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Cutting bits of string, I’ve got that. Fire lighting, watch this space…

 

Tongue Tie Release at 13 months

In all my life I never went to hospital except to give birth but since having kids I swear it’s becoming a regular occurrence! We’ve been to A+E four times with Sophia (bumped head, drank guitar cleaner, broke finger, possible concussion), one of which resulted in minor day surgery (the finger!) and had an ambulance called for Isaac after the out of hours doctor was concerned by a very high temperature and slight issues with breathing (he didn’t have to go in and was fine).

But today as I type I’m sat waiting to be called to recovery as Isaac is having a tongue tie release which has to be done under general anaesthetic due to his age. I know he’ll be fine but I can’t help feeling nervous and having…
**later**
…I got called to recovery in the middle of typing! I was feeling nervous as holding your child whilst someone uses gas to put them to sleep is pretty unpleasant. I got a bit teary but am told this is normal!

Anyway, he was fine, it all went well and he seems delighted with the new movement of his tongue, has been waggling it all over the place. In fact, the worst bit was the fast before-he was fitful and crying from 2am until 7am as he wasn’t allowed breast milk-not fun!!

I’d like to say I have some deeper insight in relation to this morning but unfortunately I don’t, I was just blogging to relieve anxiety. The only comment I really have is that I wish it had been caught sooner.

I’m a breastfeeding peer supporter so feel quite embarrassed that I didn’t realise until he was 9 months old but really I think I was too proud and dismissive of the problems we did have.

I had an attitude of ‘there’s no normal feeding pattern’ and ‘every baby is different’ and whilst that may be true to a certain extent, I definitely should have had a slice of humble pie and gone to see someone much earlier when he continued his excessively frequent feeds, slipping off the breast, dissatisfied crying in the evenings and refusal of my inverted side.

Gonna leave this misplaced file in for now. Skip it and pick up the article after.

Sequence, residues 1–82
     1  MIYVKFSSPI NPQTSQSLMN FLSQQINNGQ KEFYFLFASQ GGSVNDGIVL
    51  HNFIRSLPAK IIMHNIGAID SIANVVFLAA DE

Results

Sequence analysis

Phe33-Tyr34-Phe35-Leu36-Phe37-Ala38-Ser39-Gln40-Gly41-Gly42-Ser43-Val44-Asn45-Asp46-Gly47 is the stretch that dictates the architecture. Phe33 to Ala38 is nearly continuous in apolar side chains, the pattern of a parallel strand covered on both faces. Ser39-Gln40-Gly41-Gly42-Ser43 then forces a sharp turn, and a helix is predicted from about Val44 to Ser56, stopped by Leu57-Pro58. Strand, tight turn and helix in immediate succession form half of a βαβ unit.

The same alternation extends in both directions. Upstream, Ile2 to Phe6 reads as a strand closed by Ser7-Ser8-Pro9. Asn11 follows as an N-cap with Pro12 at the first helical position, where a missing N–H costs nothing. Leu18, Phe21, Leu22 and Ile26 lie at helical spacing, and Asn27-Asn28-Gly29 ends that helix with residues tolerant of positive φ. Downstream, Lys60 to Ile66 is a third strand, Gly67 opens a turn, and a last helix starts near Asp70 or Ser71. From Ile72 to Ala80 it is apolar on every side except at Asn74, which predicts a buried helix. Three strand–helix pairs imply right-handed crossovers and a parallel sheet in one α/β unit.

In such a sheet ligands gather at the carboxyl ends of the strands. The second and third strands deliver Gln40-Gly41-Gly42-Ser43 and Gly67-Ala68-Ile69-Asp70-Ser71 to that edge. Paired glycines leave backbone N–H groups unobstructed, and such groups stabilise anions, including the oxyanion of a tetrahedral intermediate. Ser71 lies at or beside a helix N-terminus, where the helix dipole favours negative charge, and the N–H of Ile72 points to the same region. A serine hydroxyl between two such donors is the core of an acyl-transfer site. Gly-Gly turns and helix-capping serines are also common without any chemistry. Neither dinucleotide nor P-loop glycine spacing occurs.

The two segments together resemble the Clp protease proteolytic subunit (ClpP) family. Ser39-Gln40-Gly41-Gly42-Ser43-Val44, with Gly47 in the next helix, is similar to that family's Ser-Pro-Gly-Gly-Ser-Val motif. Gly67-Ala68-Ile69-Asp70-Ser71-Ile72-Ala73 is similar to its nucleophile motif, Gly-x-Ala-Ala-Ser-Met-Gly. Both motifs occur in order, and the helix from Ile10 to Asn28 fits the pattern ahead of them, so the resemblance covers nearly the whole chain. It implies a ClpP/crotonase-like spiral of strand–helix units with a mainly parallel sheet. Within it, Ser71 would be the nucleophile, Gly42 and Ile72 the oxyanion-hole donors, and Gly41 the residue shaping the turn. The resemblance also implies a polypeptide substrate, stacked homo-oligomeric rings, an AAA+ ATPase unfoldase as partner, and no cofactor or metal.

So my only take home advice is that if you have even an inkling that there may be something not quite right or if feeding isn’t comfortable for you or your baby, even if it’s your 7th baby, suck it up and go find some support!!

I found this article just the kick I needed to go and see a doctor about it (his weight gain was so good I didn’t think it could be tongue tie at first) so would recommend reading it if at all concerned.

The look on his face when he had some food afterwards and realised he could manipulate it in his mouth in a way he never could before was just priceless, what a smile!

And just a quick aside to end, staff at the Royal Alexandra Children’s Hospital (Brighton) were amazing, as always. Props to them and thanks!

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Exploring before his trip to theatre

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Sleeping soundly afterwards